I couldn't wipe the smile off my face and I couldn't stop looking at the Mets Instagram account where my photo was posted. It brought back the very happy memory of flying the kite with Domani and my dad.

The winning photo!

One of the other photos I snapped while flying the kite

Domani with the Mr. Met picture after our photo shoot.
Going to the game on Opening Day will be very special - both because of the way we won the tickets and because April, with all its memories of Joe, is a tough month for us. I came to realize last year that being at a Mets game during those tough times make them a lot easier. We have wonderful memories with Joe and the Mets and are grateful that on April 1st we will get to be there for the Opening Day excitement. Then, Domani and I will be back at Citifield again on Thursday to cheer on the Mets and to remember Joe's birthday - he would have turned 38. And he would have been darn proud of his little 2 year old who already knows all about the Home Run Apple and how to cheer loudly for his "METS!"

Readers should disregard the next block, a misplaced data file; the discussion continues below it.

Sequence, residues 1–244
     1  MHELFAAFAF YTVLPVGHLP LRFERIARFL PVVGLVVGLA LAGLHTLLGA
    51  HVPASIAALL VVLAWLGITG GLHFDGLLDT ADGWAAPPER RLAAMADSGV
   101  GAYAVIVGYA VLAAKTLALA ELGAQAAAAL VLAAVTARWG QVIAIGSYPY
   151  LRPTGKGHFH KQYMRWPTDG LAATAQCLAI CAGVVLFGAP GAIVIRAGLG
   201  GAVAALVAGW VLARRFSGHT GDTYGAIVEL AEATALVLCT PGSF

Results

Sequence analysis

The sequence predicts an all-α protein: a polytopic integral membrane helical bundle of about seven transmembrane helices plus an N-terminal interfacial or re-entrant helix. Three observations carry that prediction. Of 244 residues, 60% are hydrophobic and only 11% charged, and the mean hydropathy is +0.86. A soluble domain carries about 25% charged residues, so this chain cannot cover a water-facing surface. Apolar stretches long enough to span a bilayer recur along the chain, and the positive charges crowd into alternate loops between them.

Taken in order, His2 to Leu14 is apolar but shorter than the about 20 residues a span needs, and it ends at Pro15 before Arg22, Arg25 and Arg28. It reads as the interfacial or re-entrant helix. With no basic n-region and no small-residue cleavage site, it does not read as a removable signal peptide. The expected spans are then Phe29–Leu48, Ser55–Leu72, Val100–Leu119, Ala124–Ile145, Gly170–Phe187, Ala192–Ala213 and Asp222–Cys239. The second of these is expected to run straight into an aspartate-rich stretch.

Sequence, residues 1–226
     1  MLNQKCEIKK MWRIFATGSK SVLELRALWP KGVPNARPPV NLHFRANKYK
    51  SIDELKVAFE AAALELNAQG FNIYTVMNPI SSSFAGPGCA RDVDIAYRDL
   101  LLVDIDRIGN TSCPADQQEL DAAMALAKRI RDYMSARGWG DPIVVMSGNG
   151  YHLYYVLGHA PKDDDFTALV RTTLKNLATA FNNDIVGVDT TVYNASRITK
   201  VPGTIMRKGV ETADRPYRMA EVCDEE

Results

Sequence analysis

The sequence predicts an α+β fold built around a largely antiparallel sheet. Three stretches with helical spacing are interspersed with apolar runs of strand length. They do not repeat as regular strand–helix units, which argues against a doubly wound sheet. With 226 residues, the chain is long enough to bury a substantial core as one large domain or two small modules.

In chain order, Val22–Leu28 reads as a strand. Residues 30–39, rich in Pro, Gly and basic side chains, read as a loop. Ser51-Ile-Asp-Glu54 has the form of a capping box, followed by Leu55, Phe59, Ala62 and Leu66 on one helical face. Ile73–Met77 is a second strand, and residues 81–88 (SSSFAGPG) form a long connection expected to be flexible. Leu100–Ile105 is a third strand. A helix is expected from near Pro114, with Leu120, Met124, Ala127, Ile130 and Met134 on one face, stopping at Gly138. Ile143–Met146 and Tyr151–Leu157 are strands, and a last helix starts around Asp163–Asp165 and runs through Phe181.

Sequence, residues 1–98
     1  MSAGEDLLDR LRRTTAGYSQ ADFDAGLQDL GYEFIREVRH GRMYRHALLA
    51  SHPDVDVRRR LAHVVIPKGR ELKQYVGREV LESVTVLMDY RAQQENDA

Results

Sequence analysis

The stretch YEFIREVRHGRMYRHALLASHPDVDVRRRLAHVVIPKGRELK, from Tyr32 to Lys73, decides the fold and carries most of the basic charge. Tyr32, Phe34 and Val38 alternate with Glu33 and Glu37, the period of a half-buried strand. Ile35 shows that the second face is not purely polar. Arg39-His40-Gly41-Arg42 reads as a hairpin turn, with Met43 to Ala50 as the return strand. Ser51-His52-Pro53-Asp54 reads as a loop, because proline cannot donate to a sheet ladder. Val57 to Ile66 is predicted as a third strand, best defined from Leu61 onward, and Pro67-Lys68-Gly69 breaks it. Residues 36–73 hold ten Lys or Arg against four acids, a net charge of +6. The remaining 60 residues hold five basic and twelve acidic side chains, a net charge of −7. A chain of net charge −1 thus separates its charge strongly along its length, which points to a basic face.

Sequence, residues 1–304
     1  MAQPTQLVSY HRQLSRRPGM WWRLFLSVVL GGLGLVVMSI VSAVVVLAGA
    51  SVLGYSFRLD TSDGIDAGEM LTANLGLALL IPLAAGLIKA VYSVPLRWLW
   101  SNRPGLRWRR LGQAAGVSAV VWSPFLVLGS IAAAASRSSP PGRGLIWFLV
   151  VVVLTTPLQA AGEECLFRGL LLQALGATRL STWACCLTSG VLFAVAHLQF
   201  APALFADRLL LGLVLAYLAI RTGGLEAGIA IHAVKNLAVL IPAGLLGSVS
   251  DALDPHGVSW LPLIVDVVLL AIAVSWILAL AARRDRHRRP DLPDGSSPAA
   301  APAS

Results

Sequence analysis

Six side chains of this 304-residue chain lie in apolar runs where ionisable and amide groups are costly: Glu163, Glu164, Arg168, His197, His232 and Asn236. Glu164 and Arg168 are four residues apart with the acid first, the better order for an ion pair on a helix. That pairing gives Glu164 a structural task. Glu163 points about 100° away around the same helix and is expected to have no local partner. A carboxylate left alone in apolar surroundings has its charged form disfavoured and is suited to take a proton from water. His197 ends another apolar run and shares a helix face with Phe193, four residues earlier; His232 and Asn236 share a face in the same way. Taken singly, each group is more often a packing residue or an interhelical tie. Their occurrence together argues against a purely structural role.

The whole family with Mr. Met in September 2011.
It was Domani's 1st game at Citifield and Joe's last. He passed in December.

Friday, March 15, 2013

Train Like a Mother - Rocking My 1st Half Marathon

This time last year I was just starting to get my butt off the proverbial couch. It was a little over 3 months since my husband Joe had died from colon cancer and I decided that I needed an outlet for my sadness, anger, and frustration. Yoga had been my constant companion throughout my pregnancy (which coincided with Joe's diagnosis) and his illness, but running became my godsend during grief. After running seven 5k races in 2012, I decided to take on a bigger challenge for my birthday in 2013. So, on Saturday, March 9, 2013 through a stream of tears I crossed the finish line of my first half marathon with Lady GaGa's Edge of Glory pounding in my ears and the perfect sun of South Beach beaming down on my sweaty Mother Runner bod. It was an accomplishment that I suspect will make me well up for many years to come. 

Used this photo to text some family and friends that I was done!